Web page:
Nuro gets green light to run driverless delivery service in California

Launching Autonomous Vehicles Nuro has been given the green light to start charging a fee and receiving compensation for a driverless delivery service in California after regulatory approval Wednesday from the state Department of Motor Vehicles.

The move comes after the California Public Utilities Commission (CPUC) approved two new programs in November that allow autonomous vehicle operators to launch their own robotic tax in the state.


California’s first ever autonomous vehicle installation permit allows Nuro to operate with new and existing retail partners in designated areas of the Santa Clara and San Mateo counties of the Bay Area, including the cities of Atherton, East Palo Alto, Los Altos Hills, Los Altos, Menlo Park, Mountain View , Palo Alto, Sunnyvale and Woodside.

“Soon we will announce our first deployment in California with an established partner,” Nuro’s legal and political chief David Estrada said in a blog post. “The service starts with our fleet of [Toyota] Prius vehicles in fully autonomous mode, followed by our specially designed R2 electric vehicles. “

Nuros R2 vehicles designed exclusively for transporting packages have a maximum speed of 25 miles per hour and are only approved to operate in fair weather conditions on streets with a speed limit of no more than 35 km / h. The vehicles have previously been used to provide contactless deliveries to coronavirus patients and staff at medical facilities in San Mateo and Sacramento and to autonomous grocery delivery to local food banks.


The announcement comes in the middle of a milestone year for Nuro, who individually said on Wednesday that it would acquire self-propelled truck startup Ike Robotics.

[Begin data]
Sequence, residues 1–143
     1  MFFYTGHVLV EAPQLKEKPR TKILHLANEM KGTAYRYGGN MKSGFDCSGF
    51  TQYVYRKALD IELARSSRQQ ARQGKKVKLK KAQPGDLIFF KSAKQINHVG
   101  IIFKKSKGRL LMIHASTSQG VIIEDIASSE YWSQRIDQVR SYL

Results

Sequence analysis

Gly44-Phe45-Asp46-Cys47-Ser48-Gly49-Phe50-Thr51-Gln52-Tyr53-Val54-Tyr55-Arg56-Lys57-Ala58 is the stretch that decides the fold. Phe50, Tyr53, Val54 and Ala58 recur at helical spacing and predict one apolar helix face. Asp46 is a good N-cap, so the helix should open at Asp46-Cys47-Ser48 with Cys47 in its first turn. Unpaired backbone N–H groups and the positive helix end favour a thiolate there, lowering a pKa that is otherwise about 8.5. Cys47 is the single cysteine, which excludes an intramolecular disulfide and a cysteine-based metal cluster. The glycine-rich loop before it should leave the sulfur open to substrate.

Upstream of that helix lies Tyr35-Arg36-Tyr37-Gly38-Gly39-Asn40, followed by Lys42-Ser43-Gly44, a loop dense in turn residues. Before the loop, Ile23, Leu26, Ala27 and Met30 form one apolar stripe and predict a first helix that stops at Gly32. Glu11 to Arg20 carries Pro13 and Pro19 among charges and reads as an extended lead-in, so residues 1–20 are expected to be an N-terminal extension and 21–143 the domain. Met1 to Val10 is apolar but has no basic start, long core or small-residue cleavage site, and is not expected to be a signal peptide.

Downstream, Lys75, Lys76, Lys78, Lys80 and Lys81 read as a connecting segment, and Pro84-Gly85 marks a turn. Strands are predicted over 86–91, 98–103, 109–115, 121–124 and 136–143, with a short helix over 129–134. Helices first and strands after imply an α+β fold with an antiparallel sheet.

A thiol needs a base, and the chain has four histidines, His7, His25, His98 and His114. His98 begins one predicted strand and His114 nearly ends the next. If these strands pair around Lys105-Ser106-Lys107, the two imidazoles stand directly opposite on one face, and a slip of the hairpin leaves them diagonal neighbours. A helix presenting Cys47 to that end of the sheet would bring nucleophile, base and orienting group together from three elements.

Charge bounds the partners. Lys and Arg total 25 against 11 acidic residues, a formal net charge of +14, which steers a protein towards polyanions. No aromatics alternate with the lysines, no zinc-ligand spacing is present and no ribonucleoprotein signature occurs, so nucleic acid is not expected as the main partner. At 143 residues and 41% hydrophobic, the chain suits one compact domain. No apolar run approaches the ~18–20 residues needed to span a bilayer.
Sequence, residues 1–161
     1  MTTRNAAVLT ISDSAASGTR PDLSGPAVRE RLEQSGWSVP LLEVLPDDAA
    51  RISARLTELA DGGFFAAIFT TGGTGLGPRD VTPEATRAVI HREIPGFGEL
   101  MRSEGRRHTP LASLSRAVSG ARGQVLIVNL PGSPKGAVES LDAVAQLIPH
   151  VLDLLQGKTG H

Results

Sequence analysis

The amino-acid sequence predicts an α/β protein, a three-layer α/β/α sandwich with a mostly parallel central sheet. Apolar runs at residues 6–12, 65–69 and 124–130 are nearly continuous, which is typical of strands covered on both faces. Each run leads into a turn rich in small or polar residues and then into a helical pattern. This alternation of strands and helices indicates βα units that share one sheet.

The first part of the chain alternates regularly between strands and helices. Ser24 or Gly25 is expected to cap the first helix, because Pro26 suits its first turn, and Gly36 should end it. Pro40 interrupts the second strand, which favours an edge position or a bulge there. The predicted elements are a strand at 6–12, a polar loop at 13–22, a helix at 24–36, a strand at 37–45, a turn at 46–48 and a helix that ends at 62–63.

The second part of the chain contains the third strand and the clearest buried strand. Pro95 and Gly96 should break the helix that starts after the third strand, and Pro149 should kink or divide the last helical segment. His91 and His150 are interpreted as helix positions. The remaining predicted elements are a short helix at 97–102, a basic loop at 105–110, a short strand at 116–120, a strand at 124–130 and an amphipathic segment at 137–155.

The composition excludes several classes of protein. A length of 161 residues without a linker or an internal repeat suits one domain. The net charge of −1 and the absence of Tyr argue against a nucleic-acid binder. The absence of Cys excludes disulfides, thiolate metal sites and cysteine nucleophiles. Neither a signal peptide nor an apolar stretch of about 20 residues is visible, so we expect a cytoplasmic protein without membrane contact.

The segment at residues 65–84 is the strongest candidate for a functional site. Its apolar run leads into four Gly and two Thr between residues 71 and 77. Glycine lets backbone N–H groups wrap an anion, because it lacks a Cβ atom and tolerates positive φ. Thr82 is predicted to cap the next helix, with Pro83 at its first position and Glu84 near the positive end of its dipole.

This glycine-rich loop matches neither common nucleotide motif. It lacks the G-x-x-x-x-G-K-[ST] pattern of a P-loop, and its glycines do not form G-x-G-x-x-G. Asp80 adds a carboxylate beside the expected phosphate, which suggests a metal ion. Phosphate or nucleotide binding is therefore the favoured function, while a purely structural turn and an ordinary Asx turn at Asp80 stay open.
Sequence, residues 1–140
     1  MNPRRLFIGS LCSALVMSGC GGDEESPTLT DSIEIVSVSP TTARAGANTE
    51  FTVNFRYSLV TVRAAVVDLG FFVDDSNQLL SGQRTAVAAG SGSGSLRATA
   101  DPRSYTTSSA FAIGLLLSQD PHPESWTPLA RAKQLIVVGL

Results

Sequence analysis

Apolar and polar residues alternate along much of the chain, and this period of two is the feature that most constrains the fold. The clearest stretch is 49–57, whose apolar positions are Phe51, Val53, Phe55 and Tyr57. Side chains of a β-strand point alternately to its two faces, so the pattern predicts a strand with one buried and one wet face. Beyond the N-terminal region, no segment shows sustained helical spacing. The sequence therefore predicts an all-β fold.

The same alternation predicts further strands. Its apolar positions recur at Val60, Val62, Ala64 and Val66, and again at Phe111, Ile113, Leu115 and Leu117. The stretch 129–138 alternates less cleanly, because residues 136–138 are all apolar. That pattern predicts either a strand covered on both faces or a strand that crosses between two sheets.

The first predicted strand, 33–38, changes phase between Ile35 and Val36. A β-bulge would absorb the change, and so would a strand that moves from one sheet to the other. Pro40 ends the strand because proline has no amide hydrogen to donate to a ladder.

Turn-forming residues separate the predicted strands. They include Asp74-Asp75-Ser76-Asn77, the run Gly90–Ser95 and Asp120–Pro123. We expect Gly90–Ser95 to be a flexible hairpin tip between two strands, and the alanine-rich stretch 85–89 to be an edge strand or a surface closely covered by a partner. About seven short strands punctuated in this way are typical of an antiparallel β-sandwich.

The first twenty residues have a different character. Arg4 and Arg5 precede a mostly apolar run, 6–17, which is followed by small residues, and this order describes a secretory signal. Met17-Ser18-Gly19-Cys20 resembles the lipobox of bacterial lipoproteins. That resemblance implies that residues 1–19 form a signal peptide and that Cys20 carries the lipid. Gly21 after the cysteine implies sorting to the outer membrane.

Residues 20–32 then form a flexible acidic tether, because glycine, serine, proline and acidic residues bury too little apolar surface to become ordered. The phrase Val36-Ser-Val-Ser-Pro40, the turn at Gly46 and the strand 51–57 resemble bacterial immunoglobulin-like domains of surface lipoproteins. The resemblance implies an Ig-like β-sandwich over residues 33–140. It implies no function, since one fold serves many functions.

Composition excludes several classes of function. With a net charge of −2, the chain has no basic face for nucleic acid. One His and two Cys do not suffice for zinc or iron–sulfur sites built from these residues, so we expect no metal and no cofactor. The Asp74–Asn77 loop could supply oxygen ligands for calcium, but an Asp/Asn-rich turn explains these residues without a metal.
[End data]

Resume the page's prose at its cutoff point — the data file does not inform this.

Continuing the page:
Nuro became the first company to receive an exemption for self-driving vehicles from the Department of Transportation in February. The company received a driverless test permit from California in April after operating on public roads in the state with a safety driver since 2017. In October, the company announced that its R2 vehicles could drive without drivers, passengers or chase cars in California, Texas and Arizona.

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“The issuance of the first roll-out permit is a major milestone in the development of autonomous vehicles in California,” said DMV Director Steve Gordon. “We will continue to keep the safety of car drivers in mind as this technology evolves.”

In addition to meeting federal motor vehicle safety standards or having an exemption from the National Highway Traffic Safety Administration, applicants for autonomous vehicle distribution will be required to demonstrate how their vehicles are able to avoid hazards and establish a plan for how the vehicles interact with police and other emergency personnel.